Stock index futures point to a lower open as Omic …

Stock index futures point to a lower open amid uncertainty surrounding the Omicron variant and ahead of Fed Chairman Jerome Powell’s testimony in the Senate. Financials and retail stocks are trading lower before the bell. Stocks rebounded on Monday, led by semiconductors. Twitter CEO resigns but remains CEO of Square. Oil prices may find it difficult to rebound due to seasonal cycles. Oil projections are mixed for 2022.



5 minutes to read

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Key points to remember

  • Investors Take Profits Amid Uncertainty Over Omicron and Fed Chairman Powell’s Testimony in Senate

  • Tech stocks led Monday’s rebound

  • Seasonal forces could prevent oil prices from rebounding

(Tuesday Market opens) After the Omicron variant liquidated on Friday, things looked rather bleak for investors, but stocks rebounded on Monday. The Nasdaq Composite (COMP: GIDS) led the way, fully recouping their losses and adding a bit more for good measure. However, the S&P 500 (SPX) and the Dow Jones Industrial Average ($ DJI) were unable to recoup their losses. But the rebound has taken a turn for the worse as stock index futures point low on Tuesday morning.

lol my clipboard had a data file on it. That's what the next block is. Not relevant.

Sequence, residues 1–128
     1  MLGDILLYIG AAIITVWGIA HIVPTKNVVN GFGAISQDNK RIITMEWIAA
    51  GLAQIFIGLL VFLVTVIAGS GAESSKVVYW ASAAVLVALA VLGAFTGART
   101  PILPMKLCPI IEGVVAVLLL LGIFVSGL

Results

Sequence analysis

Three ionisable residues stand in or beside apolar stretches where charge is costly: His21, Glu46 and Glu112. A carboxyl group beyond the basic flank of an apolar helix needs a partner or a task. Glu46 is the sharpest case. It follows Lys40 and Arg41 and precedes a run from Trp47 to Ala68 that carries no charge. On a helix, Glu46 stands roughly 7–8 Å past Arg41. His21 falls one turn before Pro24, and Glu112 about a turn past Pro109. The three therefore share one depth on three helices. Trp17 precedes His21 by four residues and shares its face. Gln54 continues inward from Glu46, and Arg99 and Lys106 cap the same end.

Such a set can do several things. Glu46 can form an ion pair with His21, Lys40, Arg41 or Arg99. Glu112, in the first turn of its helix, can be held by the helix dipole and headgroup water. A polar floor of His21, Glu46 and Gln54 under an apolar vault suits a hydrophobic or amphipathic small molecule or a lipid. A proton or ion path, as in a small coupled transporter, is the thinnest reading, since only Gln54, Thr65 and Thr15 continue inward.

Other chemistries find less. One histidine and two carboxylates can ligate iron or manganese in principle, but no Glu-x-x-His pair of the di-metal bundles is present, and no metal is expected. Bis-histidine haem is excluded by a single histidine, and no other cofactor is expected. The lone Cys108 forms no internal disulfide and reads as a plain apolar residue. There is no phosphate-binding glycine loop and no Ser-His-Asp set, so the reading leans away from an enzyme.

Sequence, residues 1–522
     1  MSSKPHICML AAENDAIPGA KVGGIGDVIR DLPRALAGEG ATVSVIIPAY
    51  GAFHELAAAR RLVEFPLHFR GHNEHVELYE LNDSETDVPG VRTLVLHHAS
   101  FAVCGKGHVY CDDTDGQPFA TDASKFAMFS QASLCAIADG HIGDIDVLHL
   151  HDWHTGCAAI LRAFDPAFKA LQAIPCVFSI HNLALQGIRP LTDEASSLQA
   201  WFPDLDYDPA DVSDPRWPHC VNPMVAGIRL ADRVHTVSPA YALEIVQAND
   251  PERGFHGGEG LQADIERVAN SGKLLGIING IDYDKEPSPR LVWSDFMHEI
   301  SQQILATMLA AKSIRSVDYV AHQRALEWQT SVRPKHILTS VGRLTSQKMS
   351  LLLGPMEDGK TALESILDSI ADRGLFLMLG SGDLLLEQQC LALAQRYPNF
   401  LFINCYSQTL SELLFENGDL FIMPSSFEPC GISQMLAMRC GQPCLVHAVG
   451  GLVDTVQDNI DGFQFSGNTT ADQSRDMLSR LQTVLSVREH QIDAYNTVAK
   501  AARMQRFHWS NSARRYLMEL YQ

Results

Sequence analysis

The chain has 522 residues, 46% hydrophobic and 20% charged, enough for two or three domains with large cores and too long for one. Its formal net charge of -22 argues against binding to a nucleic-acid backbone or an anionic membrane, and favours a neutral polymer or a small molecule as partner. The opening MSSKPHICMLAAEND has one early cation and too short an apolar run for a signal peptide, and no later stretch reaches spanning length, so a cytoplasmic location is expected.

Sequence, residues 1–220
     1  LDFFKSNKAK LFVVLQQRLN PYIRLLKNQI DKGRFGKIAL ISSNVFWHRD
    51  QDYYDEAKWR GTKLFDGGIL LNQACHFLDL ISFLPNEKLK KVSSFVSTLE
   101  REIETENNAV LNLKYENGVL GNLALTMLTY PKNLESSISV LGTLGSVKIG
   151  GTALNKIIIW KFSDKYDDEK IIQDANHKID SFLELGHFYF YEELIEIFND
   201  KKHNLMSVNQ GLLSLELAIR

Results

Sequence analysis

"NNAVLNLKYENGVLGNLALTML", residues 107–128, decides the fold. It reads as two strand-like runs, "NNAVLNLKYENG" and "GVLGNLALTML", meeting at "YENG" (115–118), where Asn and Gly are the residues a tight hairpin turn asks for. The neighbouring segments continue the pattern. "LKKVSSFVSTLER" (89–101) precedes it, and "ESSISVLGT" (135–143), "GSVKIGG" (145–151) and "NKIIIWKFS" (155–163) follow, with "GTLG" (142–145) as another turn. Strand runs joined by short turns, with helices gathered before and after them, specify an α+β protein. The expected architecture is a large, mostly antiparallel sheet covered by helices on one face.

A warning given by the market yesterday was that the rally was not widespread. The NYSE saw only 54% of its stocks rise, while the Nasdaq saw 57% of its stocks fall. Many smaller stocks also failed to rebound; the Russel 2000 The Small Cap Index (RUT) fell another 0.18%.

Tech stocks were among the strongest, according to Briefing.com, posting a 2.6% return on the strength of semiconductors. The PHLX Semiconductor Index (SOX) rose 4.1% that day thanks in part to Lam Research (LRCX), which closed the day up 6%. Apart from chipmakers, Twitter (TWTR) partly rallied around news of CEO Jack Dorsey’s resignation and current CTO Parag Agrawal to replace him. Another Jack Dorsey company, Square (SQ) is joining the pre-market news as Mr. Dorsey will be able to focus on the business.

Investors appear to be taking profits on Tuesday morning amid some uncertainty around the COVID-19 Omicron variant despite assurances from President Joe Biden that the closures would not be part of the plan to tackle the variant. Instead, the comments of Modern (MRNA) and Regenerate (REGN) CEOs expressing concern over whether their vaccines against Omicron will work or not appear to be pushing the sale.